The No. 120 (Netherlands East Indies) Squadron RAAF was formed at RAAF base Fairbairn in Canberra on 10 December 1943. As a joint Australian-Dutch unit, the Dutch authorities provided all the squadron’s aircrew and aircraft while the RAAF provided its ground crew. This arrangement had been previously used for No. 18 (NEI) Squadron and the short-lived No. 119 (NEI) Squadron. It was originally intended that once formed, No. 120 (NEI) Squadron would be deployed to northern Australia and operate alongside No. 18 (NEI) Squadron. However, it was later decided to deploy the unit to Merauke on the south coast of New Guinea, which formed part of the pre-war Netherlands East Indies (NEI).
That month the Australian Army began to plan an offensive along New Guinea’s south coast using elements of Merauke Force. In keeping with this more active role Merauke Force Headquarters was renamed Headquarters 11th Brigade. The 2/9th Field Artillery Regiment had arrived at Merauke in March 1944.
Due to the limited Japanese presence in the region, their missions were limited to strafing attacks on Japanese positions as well attacks on small craft off the coast of New Guinea. It also provided ground support from MacArthur’s invasion of DNG. Several aircraft were lost during these operations. While the other RAAF units at Merauke were redeployed in late 1944, No. 120 (NEI) Squadron remained in town.
On 7 September 1944 the Squadron lost a C-47 belonging to NEI-AF transport squadron (VH-RDK) near Cairns (it flew into a mountain). They lost all crew (4), 7 fighter pilots of 120 Squadron on their way for R&R and a great number of RAAF personnel (including S/Ldr Dawson, RAAF-NEI liaison officer). Not until 1988 was the C-47 found in the rugged terrain near Cairns. I went to the ceremonial funeral the following year, as a reporter for Radio Veronica. Another interesting story evolved from here regarding one of the casualties Samuel Jacob and the White Australian Policy.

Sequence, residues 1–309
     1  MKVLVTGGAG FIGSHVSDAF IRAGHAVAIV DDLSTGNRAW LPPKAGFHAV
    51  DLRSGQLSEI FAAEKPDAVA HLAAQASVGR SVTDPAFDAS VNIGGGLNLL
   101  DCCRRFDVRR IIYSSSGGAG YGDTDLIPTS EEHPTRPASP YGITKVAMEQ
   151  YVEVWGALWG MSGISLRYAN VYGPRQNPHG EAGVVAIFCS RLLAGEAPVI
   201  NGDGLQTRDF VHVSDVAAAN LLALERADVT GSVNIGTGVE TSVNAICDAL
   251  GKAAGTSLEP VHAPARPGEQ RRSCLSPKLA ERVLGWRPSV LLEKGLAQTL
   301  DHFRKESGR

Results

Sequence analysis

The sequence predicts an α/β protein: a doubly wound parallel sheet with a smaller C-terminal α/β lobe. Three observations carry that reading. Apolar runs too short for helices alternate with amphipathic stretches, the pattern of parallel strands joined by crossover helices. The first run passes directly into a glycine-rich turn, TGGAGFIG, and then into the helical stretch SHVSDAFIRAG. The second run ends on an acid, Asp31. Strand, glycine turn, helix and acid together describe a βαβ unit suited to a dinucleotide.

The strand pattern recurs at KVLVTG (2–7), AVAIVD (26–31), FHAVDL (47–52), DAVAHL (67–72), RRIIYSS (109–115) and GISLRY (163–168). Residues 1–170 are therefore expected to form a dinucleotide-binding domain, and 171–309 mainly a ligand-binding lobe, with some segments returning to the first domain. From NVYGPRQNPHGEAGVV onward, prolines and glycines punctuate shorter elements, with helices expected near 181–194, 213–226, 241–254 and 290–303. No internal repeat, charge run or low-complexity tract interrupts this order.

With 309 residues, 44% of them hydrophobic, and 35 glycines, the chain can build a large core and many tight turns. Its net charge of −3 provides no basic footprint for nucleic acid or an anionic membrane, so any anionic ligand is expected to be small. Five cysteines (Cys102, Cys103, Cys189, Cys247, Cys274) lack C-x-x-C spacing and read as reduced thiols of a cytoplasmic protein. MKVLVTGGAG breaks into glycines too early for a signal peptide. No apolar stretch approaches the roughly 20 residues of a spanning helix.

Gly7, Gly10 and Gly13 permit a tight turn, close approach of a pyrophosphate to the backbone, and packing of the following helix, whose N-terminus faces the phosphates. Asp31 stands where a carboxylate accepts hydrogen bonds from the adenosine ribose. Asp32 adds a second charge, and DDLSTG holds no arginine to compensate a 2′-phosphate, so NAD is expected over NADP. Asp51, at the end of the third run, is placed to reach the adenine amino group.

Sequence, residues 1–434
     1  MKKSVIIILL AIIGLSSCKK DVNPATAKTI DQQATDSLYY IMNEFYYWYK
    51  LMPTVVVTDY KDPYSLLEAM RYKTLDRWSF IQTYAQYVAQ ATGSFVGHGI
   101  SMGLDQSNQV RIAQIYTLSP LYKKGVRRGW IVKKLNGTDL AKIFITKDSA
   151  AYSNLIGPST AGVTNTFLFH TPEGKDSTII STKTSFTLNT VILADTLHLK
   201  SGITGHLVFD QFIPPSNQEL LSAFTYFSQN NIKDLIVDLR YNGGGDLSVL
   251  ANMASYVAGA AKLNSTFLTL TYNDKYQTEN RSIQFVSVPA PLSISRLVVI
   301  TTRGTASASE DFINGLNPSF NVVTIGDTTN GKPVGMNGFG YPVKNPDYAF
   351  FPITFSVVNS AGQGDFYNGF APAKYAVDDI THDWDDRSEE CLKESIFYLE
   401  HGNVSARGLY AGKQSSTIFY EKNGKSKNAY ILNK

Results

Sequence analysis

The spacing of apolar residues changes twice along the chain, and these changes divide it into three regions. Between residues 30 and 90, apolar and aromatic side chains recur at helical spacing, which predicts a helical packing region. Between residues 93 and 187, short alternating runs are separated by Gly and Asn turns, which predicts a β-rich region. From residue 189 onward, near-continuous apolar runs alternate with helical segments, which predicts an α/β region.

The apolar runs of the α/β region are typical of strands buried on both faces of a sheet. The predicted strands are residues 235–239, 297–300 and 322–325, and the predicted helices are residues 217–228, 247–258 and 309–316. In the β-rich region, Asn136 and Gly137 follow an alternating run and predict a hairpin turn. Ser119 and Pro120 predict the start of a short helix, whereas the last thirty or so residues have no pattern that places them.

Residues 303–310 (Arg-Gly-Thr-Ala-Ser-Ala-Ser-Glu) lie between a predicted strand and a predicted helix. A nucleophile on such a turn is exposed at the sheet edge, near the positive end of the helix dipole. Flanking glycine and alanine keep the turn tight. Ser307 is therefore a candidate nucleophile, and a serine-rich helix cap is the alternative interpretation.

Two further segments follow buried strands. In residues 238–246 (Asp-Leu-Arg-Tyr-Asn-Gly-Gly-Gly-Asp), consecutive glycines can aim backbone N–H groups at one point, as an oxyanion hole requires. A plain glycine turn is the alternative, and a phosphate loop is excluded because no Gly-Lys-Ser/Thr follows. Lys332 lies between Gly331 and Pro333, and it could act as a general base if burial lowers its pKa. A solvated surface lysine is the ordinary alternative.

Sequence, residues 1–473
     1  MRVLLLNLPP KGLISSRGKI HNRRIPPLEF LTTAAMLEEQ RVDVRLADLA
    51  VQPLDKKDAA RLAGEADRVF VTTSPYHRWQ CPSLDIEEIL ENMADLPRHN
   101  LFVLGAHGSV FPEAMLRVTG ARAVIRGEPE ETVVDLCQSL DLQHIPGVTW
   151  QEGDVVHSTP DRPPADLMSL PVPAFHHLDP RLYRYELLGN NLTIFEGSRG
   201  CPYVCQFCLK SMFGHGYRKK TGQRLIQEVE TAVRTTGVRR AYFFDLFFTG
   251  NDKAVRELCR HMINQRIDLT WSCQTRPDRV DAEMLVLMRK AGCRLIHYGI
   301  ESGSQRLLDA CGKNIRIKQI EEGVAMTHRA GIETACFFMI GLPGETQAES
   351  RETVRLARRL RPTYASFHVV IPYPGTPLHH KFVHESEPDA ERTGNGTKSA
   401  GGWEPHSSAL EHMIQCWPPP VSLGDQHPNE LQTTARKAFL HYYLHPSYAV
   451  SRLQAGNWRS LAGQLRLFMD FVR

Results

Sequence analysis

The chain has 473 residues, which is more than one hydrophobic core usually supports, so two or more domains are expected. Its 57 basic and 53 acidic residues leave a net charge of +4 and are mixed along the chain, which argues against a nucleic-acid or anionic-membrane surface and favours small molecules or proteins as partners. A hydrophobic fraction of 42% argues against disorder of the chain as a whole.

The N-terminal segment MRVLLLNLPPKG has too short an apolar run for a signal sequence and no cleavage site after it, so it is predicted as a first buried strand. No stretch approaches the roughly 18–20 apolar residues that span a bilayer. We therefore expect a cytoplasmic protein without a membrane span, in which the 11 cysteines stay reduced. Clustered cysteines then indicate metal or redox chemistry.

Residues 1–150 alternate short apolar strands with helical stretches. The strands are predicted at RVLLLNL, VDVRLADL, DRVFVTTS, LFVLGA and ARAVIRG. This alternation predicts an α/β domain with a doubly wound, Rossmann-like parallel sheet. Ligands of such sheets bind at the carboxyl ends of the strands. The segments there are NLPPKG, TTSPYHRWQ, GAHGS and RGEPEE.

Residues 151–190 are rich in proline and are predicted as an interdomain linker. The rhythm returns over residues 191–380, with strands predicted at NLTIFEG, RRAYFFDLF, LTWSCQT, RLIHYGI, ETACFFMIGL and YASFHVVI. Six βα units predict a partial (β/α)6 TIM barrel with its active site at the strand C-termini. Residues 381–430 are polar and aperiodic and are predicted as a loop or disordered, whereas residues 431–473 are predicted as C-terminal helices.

Following the end of the war, the squadron continued to fly surveillance and escort flights over northern New Guinea during September and October 1945. The Dutch wished to move No. 18 and No. 120 Squadrons to Java, however, and to facilitate this the RAAF element of the squadron was disbanded on 30 October 1945. The last RAAF personnel left the squadron in February 1946 and No. 120 Squadron was assigned to the Netherlands East Indies Air Force (NEIAF) on 20 June, thereby ending its relationship with the RAAF. The squadron retained its designation of No. 120 Squadron of the NEIF, and saw combat in the Indonesian National Revolution. It was disbanded on 1 March 1950 following the Dutch defeat. The unit was re-formed as 120 Squadron of the Royal Netherlands Air Force in 1961 as an air defence unit equipped with nuclear-tipped Nike-Hercules surface to air missiles and continued in this role until it was disbanded during 1983.
Late in the Second World War, Bundaberg was utilised by the Netherlands East Indies Air Force flying B-25 Mitchell bombers. The plan was to establish the 121 Netherlands East Indies Squadron RAAF, however this did not eventuate as the war ended before the squadron was officially formed.
Below are two pages from the magazine Kemajoran covering some of the history of the 120 Squadron. The main article on these pages is about the crash landing of a Catalina who – after the war (October 1945) – was delivering alcohol to the troops on the island of Biak, Dutch New Guinea. More information on that crash in the article of flight engineer Evert van Hummel.